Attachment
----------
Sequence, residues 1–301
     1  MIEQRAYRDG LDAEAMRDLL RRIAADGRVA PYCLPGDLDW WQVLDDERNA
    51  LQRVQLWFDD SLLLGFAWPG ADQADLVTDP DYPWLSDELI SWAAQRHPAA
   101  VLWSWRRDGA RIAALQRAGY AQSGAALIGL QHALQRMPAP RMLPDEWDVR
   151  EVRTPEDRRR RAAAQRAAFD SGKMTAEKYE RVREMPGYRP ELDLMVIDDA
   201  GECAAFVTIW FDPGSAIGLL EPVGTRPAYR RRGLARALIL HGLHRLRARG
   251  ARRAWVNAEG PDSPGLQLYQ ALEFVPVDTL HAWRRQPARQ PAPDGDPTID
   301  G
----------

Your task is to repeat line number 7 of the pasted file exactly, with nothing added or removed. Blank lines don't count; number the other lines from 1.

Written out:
   251  ARRAWVNAEG PDSPGLQLYQ ALEFVPVDTL HAWRRQPARQ PAPDGDPTID